"Just win, baby" is the famous, oft-quoted creed of Davis, the Pro Football Hall of Famer who is President and principal owner of the Oakland Raiders. Originally coach of the Raiders, Al -- known then and now for his slicked-back hair, Brooklyn-tinged speech, dark glasses and ferocious competitiveness -- was named AFL Coach of the Year in 1963, leading the Raiders to a 10-4-0 record. Since he became the team's owner, Davis's Raiders teams have played in five Super Bowls, winning three (in 1977, 1981, and 1984) and losing two -- one of them the 2003 contest against the Tampa Bay Buccaneers.
Lomas Brown, a Tampa Bay lineman, spoke for many of his teammates when he expressed awe and reverence for his famous opponent. "Al Davis? C'mon, man. Al? He's the man. He's like the Godfather of the NFL...You know what? I want his autograph...He's a legend, man." (The NY Post, January 24, 2003)
Former NFL head coach Hank Stram said of Davis, "People talk about franchise players. I think Al Davis is a franchise owner. He has made many contributions to the American Football League and pro football in general -- as commissioner of the American Football League, as an instrumental figure in the merger of the two leagues [with the NFL], and of course as coach and general manager of the Raiders...he took over in 1963 and immediately made them a winner."
According to the Pro Football Hall of Fame web site, Davis is the only person to have served in the professional leagues "as personnel assistant, scout, assistant coach, head coach, general manager, commissioner, team owner/chief executive officer." In 1992, Davis was elected to the Pro Football Hall of Fame, the fourth Jew selected (joining Sid Luckman, Sid Gillman, and Ron Mix and they have since been joined by Marv Levy). After hearing of his induction, Davis said with characteristic modesty: "I said many times that it should have happened a long time ago."
Birth and Death Dates:
July 4, 1929
Born in Massachusetts, Davis grew up in Brooklyn, New York, and graduated from Erasmus High School. After attending Wittenberg College and Syracuse University, Al joined the Adelphi University coaching staff in 1950, at the age of 21. Four years later, Davis moved to the Baltimore Colts, concentrating on player personnel. In 1956, Al served as line coach and recruiter at The Citadel. In the late 1950s, he spent three years at the University of Southern California as line coach. In 1959, Al also served as USC's defensive coordinator.
In 1960, when the American Football League was formed, Davis was hired by Sid Gillman as an offensive coach for the Los Angeles Chargers. Then, in 1963, Al was hired by the Oakland Raiders to be the team's head coach and general manager. The Raiders had only won three of their previous 28 games before Davis took over the coaching duties. That season, he led the Raiders to a record of 10-4-0, was named AFL Coach of the Year, and became the first sportsman to be named Oakland's Young Man of the Year.
Davis coached the Raiders for three seasons and had a career record of 23-16-3. In April 1966, Al became the Commissioner of the AFL, not knowing that talks of a merger with the NFL had begun. He believed the NFL should have merged into the AFL, not the other way around. Davis' reign as commissioner lasted only two months, but according to sportswriter Jerry Magee, "Al Davis taking over as commissioner was the strongest thing the AFL ever did...he thought the peace [AFL-NFL merger] was a detriment to the AFL...it was a disappointment to him that they merged."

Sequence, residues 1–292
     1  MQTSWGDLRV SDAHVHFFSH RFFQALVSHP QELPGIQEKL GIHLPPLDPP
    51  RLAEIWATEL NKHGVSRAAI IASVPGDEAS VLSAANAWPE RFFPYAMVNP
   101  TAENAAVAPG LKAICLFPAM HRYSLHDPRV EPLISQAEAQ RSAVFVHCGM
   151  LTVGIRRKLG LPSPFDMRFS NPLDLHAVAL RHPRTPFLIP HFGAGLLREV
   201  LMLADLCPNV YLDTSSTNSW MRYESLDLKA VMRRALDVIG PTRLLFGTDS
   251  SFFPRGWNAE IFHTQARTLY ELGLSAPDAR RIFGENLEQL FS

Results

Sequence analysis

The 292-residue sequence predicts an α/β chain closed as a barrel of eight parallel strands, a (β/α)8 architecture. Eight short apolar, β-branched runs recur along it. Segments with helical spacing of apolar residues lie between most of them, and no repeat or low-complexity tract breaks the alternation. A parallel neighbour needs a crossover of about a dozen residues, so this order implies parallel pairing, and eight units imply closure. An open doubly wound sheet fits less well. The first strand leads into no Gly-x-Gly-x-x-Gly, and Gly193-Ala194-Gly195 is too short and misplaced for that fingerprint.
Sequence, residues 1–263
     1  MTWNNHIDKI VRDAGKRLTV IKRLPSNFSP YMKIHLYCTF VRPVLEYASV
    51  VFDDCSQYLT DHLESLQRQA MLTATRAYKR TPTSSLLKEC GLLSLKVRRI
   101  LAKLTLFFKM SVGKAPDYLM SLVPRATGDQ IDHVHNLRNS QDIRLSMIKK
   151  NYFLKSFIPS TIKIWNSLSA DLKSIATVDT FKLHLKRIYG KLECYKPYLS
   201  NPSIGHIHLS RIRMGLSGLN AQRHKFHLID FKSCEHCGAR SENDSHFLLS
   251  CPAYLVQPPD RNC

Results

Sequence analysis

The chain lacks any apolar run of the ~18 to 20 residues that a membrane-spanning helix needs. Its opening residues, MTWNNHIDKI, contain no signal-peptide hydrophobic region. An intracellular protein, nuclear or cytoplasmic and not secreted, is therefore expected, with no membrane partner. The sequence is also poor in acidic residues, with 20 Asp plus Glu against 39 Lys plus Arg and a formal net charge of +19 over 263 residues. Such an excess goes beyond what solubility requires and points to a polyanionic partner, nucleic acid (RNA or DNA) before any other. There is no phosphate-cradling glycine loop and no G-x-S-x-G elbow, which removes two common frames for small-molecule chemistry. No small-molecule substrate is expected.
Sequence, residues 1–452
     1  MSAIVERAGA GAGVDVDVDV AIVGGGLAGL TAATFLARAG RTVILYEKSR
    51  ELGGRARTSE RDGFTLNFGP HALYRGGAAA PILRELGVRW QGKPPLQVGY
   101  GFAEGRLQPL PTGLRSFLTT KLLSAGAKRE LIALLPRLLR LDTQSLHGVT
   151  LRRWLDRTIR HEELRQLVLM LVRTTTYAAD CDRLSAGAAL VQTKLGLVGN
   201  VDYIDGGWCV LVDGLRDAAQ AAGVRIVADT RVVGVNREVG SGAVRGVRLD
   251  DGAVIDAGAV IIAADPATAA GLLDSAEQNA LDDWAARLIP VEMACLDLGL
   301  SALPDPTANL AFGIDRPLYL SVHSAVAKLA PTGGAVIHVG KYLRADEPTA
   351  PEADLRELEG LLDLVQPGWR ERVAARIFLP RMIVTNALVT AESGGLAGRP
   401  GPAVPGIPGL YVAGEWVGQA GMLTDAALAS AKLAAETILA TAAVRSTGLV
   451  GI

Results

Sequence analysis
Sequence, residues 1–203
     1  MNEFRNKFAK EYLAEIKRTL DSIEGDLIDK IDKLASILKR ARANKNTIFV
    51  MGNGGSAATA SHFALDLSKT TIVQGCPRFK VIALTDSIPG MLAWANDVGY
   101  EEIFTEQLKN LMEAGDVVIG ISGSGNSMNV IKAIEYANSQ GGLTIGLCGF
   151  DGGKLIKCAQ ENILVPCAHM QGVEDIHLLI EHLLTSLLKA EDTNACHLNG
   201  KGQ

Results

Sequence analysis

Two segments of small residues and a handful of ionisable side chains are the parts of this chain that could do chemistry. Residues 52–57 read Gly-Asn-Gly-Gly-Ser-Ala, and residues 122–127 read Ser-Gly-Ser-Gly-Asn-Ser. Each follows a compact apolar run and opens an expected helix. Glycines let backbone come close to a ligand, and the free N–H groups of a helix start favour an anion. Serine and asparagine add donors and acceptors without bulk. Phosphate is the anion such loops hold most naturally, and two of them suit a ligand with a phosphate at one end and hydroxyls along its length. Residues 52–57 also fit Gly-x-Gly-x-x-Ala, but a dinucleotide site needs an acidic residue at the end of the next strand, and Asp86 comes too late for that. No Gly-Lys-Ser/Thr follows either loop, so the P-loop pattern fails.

In July 1966, Davis stepped down as AFL Commissioner following the AFL-NFL merger and Al returned to the Raiders as general manager and principal owner. In the 1960s, 1970s, and 1980s, Davis built the Silver and Black into a football powerhouse as they captured the Super Bowl in 1977, 1981, and 1984. Between 1963-1981, they only had one losing season. Al developed the Raider mystique behind such great players as Fred Biletnikoff, Gene Upshaw, Jim Otto, George Blanda, Willie Brown, Art Shell, Lester Hayes, Mike Haynes, John Matuszak, Dave Casper, and many others.
One of the most competitive owners in all of sports, Davis is also one of the most loyal. He consistently looks for ways to help his former players. Longtime aide Al LoCasale said, "Tradition is a very important word to Al. Tradition is not a word but a style to him. He really believes once a Raider, always a Raider. Once a guy has played for us, whatever he needs, we do our best for him. But he does this quietly, not looking for publicity...he bonds with people who have worn the Silver and Black. Take our radio package, for example. There has to be a place for former Raiders. Tom Flores, our former coach, does color. George Atkinson does the sideline reports. We use Jim Plunkett on TV shows. These people are part of our history."
Considered something of a maverick by other owners, Davis never hid his disdain for Pete Rozelle, the man chosen to be commissioner of the league following the NFL-AFL merger. When Oakland refused to add luxury boxes seats to its stadium, Davis decided to move his team to the Los Angeles Coliseum. Under league rules, 3/4 of the owners had to approve the move, but Al did not get the required votes. In 1982, he pressed an anti-trust suit against the NFL, and a federal judge ruled the move should be allowed, awarding $35 million to the Raiders in damages. In 1995, the Raiders moved back to Oakland.
One of the most successful franchises in football for decades, the Raiders returned to glory in the 2002 season. The experienced veterans that Davis recruited, including Jerry Rice, Bill Romanowski, Rod Woodson, and Sam Adams, blended with Oakland's younger players to help the Raiders finish 11-5 in the regular season and reach the team's fifth Super Bowl.
Davis coached the Oakland Raiders of the AFL from 1963-1965.